What does the 1960s themed, colourful spy shooter No One Lives Forever and the dark, depressing and hardcore Dark Souls have in common? Not a lot really, it was just a rather tenuous link to the fact that the developer of NOLF has recently released PC title Betrayer, which is heavily influenced by and takes many of its cues from the Souls series.
Made by Blackpowder Games, Betrayer is a tough and scary game with spooky environments and foreboding foes. It is not the first time this developer has dipped its toes into the supernatural realm as aside from creating the NOLFseries the team is also made up of folks who worked on the original F.E.A.R.
Whilst F.E.A.R. plied its trade in heavy weaponry, explosions and creepy little ghost children (and extending the fame of bullet-time beyond the Matrix movies), Betrayer is a more visceral and lonely experience, with its crunching and challenging combat, old world weapons (the game features a wide arsenal of early 17th Century weapons which the player can collect to take on the many aggressive enemies) and unique visuals.
Betrayer is a gorgeous looking, high contrast, black and white first person action adventure which unfolds as the player explores the wilderness of the New World having found themselves washed up on a deserted shore after surviving a ship wreck. The beach is littered with debris and no other obvious survivors. Without clear direction, the adventure begins once leaving the safety of the coastline and heading into uncharted woods, with the wind blowing and unseen insects chirping. It is a beautiful if unsettling atmosphere.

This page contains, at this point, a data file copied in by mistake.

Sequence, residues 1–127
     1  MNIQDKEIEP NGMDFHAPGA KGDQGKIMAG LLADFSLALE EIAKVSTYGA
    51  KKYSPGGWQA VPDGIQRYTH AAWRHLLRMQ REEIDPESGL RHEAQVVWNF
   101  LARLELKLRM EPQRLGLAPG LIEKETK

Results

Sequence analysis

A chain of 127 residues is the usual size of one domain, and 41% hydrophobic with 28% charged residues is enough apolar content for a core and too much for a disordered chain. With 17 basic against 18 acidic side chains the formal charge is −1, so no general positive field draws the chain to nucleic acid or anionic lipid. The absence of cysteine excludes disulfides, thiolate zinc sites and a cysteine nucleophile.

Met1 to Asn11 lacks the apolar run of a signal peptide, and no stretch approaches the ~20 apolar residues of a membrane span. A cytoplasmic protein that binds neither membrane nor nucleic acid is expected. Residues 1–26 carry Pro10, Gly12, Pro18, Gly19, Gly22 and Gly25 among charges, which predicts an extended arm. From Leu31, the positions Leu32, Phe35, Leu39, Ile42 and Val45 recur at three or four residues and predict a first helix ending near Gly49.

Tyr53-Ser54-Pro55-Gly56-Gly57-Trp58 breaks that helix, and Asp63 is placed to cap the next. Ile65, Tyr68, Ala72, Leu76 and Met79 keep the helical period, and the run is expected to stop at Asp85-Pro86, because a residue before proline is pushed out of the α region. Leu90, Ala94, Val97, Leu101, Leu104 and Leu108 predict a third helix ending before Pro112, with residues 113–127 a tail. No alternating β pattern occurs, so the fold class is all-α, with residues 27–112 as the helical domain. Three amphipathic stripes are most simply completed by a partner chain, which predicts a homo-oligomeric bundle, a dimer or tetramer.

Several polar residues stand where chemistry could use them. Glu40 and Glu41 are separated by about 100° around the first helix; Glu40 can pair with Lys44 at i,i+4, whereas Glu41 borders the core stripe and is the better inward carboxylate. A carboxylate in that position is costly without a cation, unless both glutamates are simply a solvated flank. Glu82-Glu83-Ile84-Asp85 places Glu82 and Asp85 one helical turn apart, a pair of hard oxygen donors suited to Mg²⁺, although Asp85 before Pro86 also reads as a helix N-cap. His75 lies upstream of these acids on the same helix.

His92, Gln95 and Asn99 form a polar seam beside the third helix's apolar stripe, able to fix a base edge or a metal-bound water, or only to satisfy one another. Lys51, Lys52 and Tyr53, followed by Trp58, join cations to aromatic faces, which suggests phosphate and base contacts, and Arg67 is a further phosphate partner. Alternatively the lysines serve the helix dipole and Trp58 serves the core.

As you progress through the early areas, you find notes littered around the environment and along the path leading you forward. These notes begin to bring you into the subtle story and setting of the game world and also serve as the tutorial, much like the Souls series. Following these will see you equipped with your first weapon, a rudimentary bow and encounter your first enemy - all enemies and items of interest are highlighted in blood red so that they stand out against the otherwise black and white.
The natives that inhabit this unexplored land are far from friendly and offer a fair challenge whilst extending an icy welcome to the player. Although, who can blame them as history shows what happened in the aftermath of settling the New World!
There are many, secrets to unveil, NPCs to interact with and creatures to slay as you unravel the mystery of Betrayer. I will not go into detail so as not to spoil the experience.
Another feature the game borrows from Dark Souls is what happens when you die (and you will most likely die quite frequently.) There are no souls to collect, but there is items and there is gold. If you fall in combat, you will lose all accumulated items and gold, but you get one chance to get it back. Die again and its gone for good!
I have touched upon the game's visuals several times and as stated they look great in the crisp black and white but Blackpowder Games have given the player the option to play the game fully in colour. It is interesting to check it out and compare, to see what Betrayer looks like with a more traditional palette but I highly recommend sticking to the black and white graphics for the full intended experience.
I am a huge fan of the Souls series. I own three copies of Demon's Souls, two Dark Souls and two Dark Souls 2 - I know, dumb right? I also enjoyed the vibrant and comical NOLF franchise and had fun scaring myself playing F.E.A.R. therefore for me, picking up Betrayer was a no-brainer.
If you like what you have read and seen in this QuickPlay, then head on over to the game's Steam Page and put some money down on the only first person "Dark Souls-like" experience out there!